Once you’ve received a Medical Card or notification of entitlement to Category 2 benefits, you’ll be free to register with any doctor who can accommodate you. GPs are listed under ‘Doctors – General Practitioners’ in the Golden Pages or a list can be obtained from your local Health Board (Medical Card holders are sent a list of ‘approved’ doctors from which to choose). The best way to choose a doctor is to ask your colleagues, friends or neighbours if they can recommend someone.
Appointments & House Calls
Surgery hours vary, but are typically from 8.30am to 6pm, Mondays to Fridays. Emergency surgeries may be held on Saturday mornings, e.g. from 8.30 to 11.30am or noon. Note that most doctors operate an appointment system, where you must make an appointment in advance.
You cannot just turn up during surgery hours and expect to be seen. If you’re an urgent case (but not an emergency), your doctor will usually see you immediately, but you should still phone in advance. Most doctors’ surgeries have answering machines outside surgery hours, when a recorded message informs you of the name of the doctor on call (or deputising service) and his telephone number.
Some group practices operate their own 24-hour emergency service. There are also 24-hour deputising services in most areas, which will arrange a house call at any time of the day or night (e.g. ‘Doctor on Duty’ in Dublin, Tel. 01-453 9333). Most Irish doctors are happy to make house calls (for which they’ll charge).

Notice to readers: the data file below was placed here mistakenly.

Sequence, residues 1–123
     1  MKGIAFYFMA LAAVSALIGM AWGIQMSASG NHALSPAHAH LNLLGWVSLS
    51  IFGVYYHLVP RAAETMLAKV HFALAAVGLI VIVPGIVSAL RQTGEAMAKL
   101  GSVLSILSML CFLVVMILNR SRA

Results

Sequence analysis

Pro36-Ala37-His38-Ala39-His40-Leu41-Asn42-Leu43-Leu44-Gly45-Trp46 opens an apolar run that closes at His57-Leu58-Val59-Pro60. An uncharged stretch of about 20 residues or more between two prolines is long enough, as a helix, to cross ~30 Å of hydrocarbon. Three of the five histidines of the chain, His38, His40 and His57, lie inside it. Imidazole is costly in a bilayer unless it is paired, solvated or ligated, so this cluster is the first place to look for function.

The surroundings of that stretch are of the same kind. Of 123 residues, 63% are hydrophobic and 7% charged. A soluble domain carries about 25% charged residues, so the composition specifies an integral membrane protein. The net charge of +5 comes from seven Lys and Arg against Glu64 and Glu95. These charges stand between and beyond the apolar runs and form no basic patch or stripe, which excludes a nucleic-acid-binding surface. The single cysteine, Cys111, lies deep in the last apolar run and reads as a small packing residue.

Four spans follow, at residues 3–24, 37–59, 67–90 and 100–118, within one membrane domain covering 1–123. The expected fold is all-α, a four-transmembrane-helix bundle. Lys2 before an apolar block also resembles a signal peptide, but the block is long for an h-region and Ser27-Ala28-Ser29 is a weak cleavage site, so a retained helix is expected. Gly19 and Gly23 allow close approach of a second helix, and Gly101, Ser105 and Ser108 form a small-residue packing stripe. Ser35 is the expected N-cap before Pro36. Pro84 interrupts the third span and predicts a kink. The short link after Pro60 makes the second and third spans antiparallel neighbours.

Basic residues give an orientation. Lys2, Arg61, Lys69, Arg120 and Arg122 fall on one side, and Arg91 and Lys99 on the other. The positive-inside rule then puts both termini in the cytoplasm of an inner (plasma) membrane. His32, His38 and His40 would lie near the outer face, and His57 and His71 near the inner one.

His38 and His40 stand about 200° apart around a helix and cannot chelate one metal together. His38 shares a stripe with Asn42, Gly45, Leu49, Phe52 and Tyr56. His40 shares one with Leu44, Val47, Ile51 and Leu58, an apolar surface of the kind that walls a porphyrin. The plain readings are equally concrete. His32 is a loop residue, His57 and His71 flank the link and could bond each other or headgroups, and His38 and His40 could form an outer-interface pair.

Of the 2,400 or so GPs practising in Ireland, over 40 per cent are in single practice and around 30 per cent in practice with one other doctor. Only 30 per cent work in group practices of three or more doctors. Even fewer operate within a health centre, where other services, such as maternity care, cervical smears and breast screening, vaccinations, physiotherapy and chiropody, are available.
Bear in mind that, if your doctor is part of a partnership or group practice, when he’s absent you’ll automatically be treated by a partner or another doctor (unless you wish to wait until your doctor returns), whereas in an individual practice, you may be required to see a locum (replacement doctor) when your doctor is absent.
There are a small number of walk-in ‘medicentres’, where you don’t need to be registered or to make an appointment, but in general the Irish prefer to visit their regular family doctor, even if it means waiting a few days.
Choosing a Doctor
It’s a good idea to enquire in advance (e.g. by asking the receptionist) whether a doctor has the ‘qualifications’ you require.It’s normal practice in Ireland to meet a prospective doctor before deciding whether to register with him.
Registration takes the form of a private contract between you and the doctor and you may change doctors at any time or regularly see more than one doctor. The Irish College of General Practitioners (ICGP) plans to introduce a standard registration procedure for all patients, but it’s not yet known when (or whether) this will be implemented.
You may switch to another doctor in the same area, depending on the availability of places, but be careful what reason you give for wanting to change doctors, as doctors tend to be wary of accepting a patient who has had a ‘disagreement’ with a colleague. One ‘legitimate’ reason for changing doctors is that you wish to be treated by a doctor of the opposite sex to your present one (it’s hard luck if all doctors in your area are the same sex).
If you want a second opinion on any health matter, you may ask to see another doctor or a specialist and most GPs are happy for you to do so. Note, however, that in many cases, a second doctor doesn’t confirm the first doctor’s diagnosis.
If you have a complaint against your GP, you should address it to the Medical Council, Lynn House, Portobello Court, Lower Rathmines Road, Dublin 6 (Tel. 01-496 5588). Further information on Irish doctors is available from the ICGP (Tel. 01-676 3705).